- Research by Madeline Thomas, MD, on the growing use of neoadjuvant therapy — including chemotherapy and radiation — prior to surgery in pancreatic cancer.
- A paper by Sudheer Vemuru, MD, exploring disparities in digital literacy among breast cancer patients at Denver Health and showing that those from medically underserved populations were less likely to access their electronic health records.
Beyond the basic
On the basic research side, three of the residents — TJ Schaid, MD, Otto Thielen, MD, and Morgan Hallas, MD — presented their individual research on the effects of trauma on the endothelium, a thin membrane that lines the heart and blood vessels.
Resident Alyssa Vaughn, MD, spoke about her work evaluating a novel therapeutic called CNP-miR146a for the treatment of acute respiratory distress syndrome, noting that the approach has been tested in three different models of lung injury, with promising results.
“It’s always an honor to have the opportunity to present our research work for our own department of surgery,” Vaughn said. “It’s great to attend and participate in our institutional research day to not only share the work I’ve been doing, but also to get a glimpse into the work my co-residents are doing. It’s fascinating how much overlap in concepts there is between research in different subspecialties, and it’s great to think about how to apply some of those concepts to my own work moving forward.”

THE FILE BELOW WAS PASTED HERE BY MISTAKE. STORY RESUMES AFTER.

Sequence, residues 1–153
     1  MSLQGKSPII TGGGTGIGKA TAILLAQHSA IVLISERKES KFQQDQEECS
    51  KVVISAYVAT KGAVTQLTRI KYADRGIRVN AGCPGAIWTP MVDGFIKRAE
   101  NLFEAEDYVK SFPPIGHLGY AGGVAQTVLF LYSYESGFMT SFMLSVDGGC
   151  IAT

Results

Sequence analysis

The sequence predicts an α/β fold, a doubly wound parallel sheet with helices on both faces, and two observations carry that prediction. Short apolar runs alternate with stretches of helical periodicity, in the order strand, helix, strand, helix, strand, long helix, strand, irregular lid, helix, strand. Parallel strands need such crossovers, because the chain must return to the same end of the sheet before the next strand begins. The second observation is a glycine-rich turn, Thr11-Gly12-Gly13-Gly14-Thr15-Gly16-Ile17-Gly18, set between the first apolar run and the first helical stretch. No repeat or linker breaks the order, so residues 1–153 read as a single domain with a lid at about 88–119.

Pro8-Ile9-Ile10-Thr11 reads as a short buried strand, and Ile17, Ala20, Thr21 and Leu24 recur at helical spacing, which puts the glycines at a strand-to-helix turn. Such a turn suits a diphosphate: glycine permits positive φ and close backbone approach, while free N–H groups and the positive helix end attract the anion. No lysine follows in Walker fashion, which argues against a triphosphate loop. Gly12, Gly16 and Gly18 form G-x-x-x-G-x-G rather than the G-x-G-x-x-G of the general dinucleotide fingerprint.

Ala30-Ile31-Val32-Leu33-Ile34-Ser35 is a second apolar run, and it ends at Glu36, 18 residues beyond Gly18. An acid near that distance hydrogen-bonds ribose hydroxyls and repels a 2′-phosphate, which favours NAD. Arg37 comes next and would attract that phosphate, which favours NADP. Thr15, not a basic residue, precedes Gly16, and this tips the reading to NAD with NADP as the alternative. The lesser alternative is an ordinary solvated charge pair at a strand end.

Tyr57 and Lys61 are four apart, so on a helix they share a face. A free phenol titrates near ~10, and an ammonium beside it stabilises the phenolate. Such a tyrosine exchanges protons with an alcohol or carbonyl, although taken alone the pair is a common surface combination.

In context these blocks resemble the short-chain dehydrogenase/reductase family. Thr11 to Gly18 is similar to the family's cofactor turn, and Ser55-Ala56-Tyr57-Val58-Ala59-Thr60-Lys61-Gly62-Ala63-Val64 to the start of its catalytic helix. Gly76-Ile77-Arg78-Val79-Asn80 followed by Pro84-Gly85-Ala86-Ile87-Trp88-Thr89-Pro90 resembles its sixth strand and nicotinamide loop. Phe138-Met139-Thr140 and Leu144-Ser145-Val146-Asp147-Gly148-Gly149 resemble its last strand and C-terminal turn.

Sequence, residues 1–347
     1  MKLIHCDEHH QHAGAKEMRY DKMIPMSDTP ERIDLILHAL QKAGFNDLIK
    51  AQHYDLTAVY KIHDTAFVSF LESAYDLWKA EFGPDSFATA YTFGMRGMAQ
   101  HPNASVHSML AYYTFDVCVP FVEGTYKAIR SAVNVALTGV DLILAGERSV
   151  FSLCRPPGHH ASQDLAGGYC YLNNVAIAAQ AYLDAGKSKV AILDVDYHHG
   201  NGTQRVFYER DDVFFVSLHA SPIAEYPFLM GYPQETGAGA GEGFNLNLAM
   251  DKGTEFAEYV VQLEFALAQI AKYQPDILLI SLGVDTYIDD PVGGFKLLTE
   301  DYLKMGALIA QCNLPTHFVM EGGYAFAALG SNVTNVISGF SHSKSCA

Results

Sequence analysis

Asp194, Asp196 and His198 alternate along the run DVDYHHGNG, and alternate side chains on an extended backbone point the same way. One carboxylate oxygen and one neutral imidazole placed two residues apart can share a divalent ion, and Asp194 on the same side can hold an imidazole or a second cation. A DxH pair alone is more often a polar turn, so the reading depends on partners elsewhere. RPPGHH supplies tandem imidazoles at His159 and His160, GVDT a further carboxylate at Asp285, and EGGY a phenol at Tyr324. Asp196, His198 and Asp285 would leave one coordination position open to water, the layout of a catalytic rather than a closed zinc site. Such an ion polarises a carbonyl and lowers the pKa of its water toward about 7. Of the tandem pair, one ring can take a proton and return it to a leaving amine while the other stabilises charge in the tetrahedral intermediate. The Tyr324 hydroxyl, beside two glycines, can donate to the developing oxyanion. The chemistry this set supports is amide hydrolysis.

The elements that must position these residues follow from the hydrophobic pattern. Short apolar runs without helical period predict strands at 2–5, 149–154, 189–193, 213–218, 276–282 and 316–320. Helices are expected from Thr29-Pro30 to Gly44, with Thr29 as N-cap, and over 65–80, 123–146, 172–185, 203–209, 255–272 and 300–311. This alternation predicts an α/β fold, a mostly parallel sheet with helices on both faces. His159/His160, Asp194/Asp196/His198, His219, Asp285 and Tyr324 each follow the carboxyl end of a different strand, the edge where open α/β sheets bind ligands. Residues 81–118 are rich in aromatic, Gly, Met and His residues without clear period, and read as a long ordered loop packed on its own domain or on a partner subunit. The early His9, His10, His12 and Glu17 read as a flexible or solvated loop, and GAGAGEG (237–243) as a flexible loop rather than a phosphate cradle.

Also presenting in the basic research section of the symposium was resident Elliott Yee, MD, who highlighted his work targeting the protein CD93 in the treatment of pancreatic cancer.
“I was a bit nervous, given the novelty and early stages of the work we presented, but I was also excited,” Yee said. “Specifically meaningful to me was the collaboration in our lab that laid the foundation for our project and the hard work that has been put into the project to acquire the data we have currently. Targeting the CD93 pathway may be an important part of finding an effective tool to beat pancreatic cancer.”
Other basic science research presented at the symposium included a study by John Iguidbashian, MD, on the best way to preserve donated hearts until they can be transplanted, and research by Bailey Lyttle, MD, evaluating a novel surgical model of pulmonary inflammation in acute kidney injury.
Voice of experience
The day began with a presentation by Frederick Moore, MD, professor emeritus at the University of Florida College of Medicine. Schulick said Moore, who trained at the CU School of Medicine, “gave a terrific talk on the key attributes of being successful in surgical research and provided his career as a great example.”
Meguid echoed Schulick’s praise, voicing appreciation for how Moore shared his journey to leadership in surgery and spoke about how his research ties into the research being conducted by current residents in the CU Department of Surgery.
“It’s clear that our trainees are standing on the shoulders of giants,” Meguid said. “It’s so exciting for me to see their leaps and bounds.”